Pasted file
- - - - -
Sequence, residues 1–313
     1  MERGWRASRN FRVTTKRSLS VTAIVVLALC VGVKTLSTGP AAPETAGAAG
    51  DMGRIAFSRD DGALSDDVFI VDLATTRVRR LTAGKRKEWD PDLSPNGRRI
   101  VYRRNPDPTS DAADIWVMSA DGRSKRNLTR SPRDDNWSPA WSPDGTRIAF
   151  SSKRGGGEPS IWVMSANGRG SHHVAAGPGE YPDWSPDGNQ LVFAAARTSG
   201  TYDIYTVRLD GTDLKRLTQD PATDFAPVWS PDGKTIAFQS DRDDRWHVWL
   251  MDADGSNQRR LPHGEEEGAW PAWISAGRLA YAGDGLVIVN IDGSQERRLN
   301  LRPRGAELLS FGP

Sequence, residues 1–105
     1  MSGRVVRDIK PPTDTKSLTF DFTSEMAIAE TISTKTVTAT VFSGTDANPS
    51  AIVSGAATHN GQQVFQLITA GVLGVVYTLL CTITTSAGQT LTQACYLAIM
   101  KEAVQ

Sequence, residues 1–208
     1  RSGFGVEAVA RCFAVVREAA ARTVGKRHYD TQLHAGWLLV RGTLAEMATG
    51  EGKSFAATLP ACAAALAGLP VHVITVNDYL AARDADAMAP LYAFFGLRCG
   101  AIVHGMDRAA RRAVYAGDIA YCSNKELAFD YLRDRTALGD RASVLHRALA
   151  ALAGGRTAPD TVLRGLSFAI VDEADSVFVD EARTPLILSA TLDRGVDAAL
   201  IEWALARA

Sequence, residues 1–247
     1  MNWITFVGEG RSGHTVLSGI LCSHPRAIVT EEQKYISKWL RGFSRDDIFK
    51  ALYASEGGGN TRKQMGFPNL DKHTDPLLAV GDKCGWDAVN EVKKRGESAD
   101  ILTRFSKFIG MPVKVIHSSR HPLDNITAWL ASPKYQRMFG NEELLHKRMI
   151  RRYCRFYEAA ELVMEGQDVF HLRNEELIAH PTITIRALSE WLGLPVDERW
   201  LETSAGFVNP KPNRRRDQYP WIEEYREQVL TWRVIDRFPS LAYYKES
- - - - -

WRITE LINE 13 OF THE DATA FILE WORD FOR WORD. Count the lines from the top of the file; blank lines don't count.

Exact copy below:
Sequence, residues 1–208